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Panoramic Views > El Nabatieh > Bint Jbeil


Bint Jbeil, Daughter of the Mountain and Maroun El Ras

Bint Jbeil is a caza, sub-prefecture, in South Lebanon, eighty miles from Beirut and a little over fifty miles from Sidon (now called Saïda), with heights reaching 2,500 feet. To get there, one should follow the road from Sidon, past Tyre to Tebneen, or Kooseen – Ain Ebel – Bint Jbeil, or Nabatieh – Deir Mimas – Kfar Kila – Markaba – Aitroon.

Scholars have conjectured that the name is of Phoenician origin, meaning frontier column, or limits, or daughter of the mountain, or hillock, or house of the sun, or potter! In point of fact a princess did once live there, giving the word Bint, feminine of Ibn, son.

There are still some ancient remains to be seen in the Atlal square, such as those of a temple dedicated to the goddess Annat, as well as the old souq (bazaar) where there is a market every Thursday for the benefit of the surrounding villages, some Byzantine columns and capitals, a great mosque, and some very old houses. The most venerable of these is that of Salah Bazzi. There is an antique mill and some houses in traditional style.

An abundant spring, Ain el-Kabira, waters a number of terraced gardens and there are a number of water pools, the Well of Hara, and the Valley Grotto, to mention only a few. There are several restaurants to welcome tourists and sightseers.

What particularly distinguishes the old town is the Thursday Market. This allows the inhabitants of the region to meet, to exchange news, to buy and to sell, to show their produce and to barter. Bint Jbeil is a town of the Resistance, having offered heroes and martyrs for the liberation of the South from the Israeli occupant.

To commemorate those who had sacrificed their lives, a space was transformed into a public garden, on the walls of which are the names of 108 individuals who fell in the struggle for their country. It is in the centre of the town and is called Martyrs’ Square, for in this very place several heroes offered up their lives. The project was financed by the inhabitants of the township using various remains such as the stones of old houses destroyed during the invasion, and here in this place of leisure there are tents, benches, water basins, and toilet facilities. The town itself bears the same name as surrounding district, which has as its limits Aitroon to the east, Koomeen to the north, Yaroon to the south, and Ainata to the north-east.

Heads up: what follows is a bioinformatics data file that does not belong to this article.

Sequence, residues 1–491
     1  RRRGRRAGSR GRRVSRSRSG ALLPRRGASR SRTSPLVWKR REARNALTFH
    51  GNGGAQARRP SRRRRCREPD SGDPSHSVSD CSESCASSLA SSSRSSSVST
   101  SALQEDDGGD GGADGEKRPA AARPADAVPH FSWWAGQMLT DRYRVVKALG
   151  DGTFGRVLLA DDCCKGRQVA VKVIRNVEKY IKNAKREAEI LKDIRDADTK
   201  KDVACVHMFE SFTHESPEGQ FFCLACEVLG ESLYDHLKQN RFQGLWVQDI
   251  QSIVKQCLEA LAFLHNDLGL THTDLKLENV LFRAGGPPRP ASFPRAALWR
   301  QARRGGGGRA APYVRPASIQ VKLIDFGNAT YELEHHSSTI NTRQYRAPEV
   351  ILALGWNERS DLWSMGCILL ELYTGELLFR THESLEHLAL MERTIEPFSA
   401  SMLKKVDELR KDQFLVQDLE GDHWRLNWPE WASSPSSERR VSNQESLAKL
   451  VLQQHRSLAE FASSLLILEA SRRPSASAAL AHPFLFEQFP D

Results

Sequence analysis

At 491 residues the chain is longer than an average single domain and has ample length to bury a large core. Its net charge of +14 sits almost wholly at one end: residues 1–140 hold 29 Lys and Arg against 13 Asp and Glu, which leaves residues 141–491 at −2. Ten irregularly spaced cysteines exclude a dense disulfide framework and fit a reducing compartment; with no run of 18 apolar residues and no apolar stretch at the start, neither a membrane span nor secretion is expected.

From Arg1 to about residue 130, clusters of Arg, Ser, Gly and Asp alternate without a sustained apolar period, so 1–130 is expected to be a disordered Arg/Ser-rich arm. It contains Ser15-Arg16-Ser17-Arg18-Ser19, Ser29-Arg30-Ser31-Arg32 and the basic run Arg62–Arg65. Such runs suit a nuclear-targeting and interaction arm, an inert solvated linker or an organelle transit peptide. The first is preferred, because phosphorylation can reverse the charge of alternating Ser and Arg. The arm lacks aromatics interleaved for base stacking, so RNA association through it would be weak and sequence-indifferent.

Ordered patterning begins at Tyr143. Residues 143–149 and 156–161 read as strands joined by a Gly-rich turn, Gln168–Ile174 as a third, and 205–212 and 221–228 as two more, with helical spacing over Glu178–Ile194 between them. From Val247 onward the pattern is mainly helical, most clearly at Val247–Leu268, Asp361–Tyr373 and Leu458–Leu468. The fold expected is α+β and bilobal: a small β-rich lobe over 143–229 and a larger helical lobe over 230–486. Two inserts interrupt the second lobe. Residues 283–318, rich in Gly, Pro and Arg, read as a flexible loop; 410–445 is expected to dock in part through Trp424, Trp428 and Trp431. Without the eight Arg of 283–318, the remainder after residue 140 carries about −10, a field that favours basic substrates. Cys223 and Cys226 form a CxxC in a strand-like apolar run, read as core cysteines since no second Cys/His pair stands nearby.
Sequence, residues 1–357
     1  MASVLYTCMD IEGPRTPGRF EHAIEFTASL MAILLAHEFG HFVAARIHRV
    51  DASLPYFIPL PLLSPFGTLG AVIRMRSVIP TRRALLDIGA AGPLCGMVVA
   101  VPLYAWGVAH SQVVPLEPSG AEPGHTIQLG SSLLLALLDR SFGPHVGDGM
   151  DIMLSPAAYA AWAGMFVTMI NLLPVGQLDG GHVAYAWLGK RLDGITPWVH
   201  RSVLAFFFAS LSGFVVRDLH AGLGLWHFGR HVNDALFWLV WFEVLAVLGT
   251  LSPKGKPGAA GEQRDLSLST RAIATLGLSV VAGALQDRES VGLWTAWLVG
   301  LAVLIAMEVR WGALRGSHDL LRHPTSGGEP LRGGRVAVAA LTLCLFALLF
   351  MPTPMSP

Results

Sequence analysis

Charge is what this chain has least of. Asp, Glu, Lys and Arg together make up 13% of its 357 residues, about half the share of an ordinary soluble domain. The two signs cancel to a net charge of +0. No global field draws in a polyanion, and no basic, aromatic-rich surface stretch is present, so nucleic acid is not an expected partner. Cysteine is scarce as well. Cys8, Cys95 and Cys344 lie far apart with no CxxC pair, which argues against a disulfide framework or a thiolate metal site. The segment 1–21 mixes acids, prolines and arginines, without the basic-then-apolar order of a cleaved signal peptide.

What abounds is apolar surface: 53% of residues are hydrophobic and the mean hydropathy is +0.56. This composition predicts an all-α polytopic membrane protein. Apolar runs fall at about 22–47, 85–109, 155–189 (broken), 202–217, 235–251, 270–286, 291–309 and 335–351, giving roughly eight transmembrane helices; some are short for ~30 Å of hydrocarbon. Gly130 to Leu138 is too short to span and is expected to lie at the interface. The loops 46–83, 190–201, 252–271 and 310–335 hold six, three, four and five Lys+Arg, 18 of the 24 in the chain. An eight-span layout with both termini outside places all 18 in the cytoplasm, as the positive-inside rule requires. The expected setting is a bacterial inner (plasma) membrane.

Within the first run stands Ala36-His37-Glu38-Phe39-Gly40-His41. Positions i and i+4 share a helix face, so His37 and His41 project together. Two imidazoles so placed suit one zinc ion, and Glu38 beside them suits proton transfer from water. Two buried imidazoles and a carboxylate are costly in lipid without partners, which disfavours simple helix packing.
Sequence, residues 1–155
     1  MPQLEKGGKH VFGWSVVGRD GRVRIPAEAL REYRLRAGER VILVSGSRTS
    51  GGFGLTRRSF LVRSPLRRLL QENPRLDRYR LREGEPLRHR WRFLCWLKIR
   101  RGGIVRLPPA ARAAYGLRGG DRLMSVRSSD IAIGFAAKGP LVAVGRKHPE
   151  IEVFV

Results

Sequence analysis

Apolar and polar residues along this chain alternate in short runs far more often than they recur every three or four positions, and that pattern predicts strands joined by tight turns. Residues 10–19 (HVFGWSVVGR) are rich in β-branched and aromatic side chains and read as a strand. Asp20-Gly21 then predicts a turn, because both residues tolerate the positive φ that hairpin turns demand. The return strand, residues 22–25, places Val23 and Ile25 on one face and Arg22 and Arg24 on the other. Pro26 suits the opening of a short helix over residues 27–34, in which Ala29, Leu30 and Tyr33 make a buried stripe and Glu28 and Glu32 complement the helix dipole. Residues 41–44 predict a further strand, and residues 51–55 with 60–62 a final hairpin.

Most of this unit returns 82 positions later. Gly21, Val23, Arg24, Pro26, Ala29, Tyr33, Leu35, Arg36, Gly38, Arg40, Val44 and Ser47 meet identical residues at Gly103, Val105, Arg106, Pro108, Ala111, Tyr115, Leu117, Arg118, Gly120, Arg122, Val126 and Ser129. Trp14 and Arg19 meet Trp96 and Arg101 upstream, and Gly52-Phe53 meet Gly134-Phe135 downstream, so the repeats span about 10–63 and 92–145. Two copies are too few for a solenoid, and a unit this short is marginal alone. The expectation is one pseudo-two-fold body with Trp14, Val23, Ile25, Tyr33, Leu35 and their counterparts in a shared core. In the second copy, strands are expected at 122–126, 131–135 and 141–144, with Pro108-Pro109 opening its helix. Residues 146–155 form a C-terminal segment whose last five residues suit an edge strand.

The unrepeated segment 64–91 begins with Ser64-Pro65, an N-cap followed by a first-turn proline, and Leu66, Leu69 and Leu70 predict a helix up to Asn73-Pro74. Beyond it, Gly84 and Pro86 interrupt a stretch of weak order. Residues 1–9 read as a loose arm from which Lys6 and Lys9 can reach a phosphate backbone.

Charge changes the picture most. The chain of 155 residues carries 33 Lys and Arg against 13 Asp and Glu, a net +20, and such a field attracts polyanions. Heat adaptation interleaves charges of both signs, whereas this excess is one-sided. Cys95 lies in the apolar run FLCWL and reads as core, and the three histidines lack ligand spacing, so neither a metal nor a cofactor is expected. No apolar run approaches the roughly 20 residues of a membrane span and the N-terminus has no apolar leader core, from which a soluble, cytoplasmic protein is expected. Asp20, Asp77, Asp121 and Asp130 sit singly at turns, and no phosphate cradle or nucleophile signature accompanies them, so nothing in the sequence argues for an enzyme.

During the First World War, Bint Jbeil was occupied by the allied forces, in particular by the French Army, which deployed over all Lebanese territory. The town is considered the capital of resistance and of liberation, where the victories won against the Israeli invader are celebrated.

Bint Jbeil was several times bombarded and destroyed by the air arm and other forces of Israel, but each time was straight away rebuilt. More than 12,000 houses in and around Bint Jbeil were stricken and reduced to rubble. It was occupied by Israel from 1982 to the year 2000, when the enemy forces withdrew, considering Bint Jbeil as a hive of Hizbollah. Most of the inhabitants are Shiites. In 2006 during the July War there were fierce battles waged and the 51st battalion of the elite Gabouni Brigade was repelled by an unexpected and ferocious resistance. It is to be noted that Bint Jbeil is only a couple of miles from the Israeli frontier.

To return to the past, in 1839 a government house was put up for the princedom dominated by the emirs Al-Ali and Al-Saghir and the notable regional families Al-Sadoon, Mishtah, Shami, Al-Selman and Bazzi.

During the First World War, a number of young people emigrated in order to avoid the requisitioning by the Ottoman Turks. Bint Jbeil is certainly worth a visit, one that provides an opportunity to savor the menus of its restaurants.

Maroun el-Ras

Over a mile south of Bint Jbeil is the heroic village of Maroun el-Ras, on a high point just half a mile from the frontier with Israel.

Maroun el-Ras stands at a height of three thousand feet, over successions of terraces planted with vineyards, olive groves and orchards of assorted fruit trees. It was bombed and destroyed by the Israeli aviation.

It was rebuilt thanks to the help of Kuwait and Iran. A public garden was laid out in which there is a mosque reproducing the El-Aqsa on a smaller scale. Here come local people and sightseers from all around. The inhabitants of Maroun el-Ras defended their village heroically against the Israeli troops and many were those who fell martyrs in this war.

Maroun el-Ras is a district of Bint Jbeil on the slopes of Mount Amel. Its inhabitants are mainly Shiite and it is considered a bastion of the Hizbollah and the Resistance. One may visit many of its recent productions in the village itself, in its gardens and in its museum.

Joseph Matar - Translation from the French: Kenneth Mortimer

- City of Bint Jbeil: >> View Movie << (2011-04-15)
- Maroun el Ras: >> View Movie << (2011-04-15)
- Maroun el Ras 2: >> View Movie << (2011-04-15)

 

 


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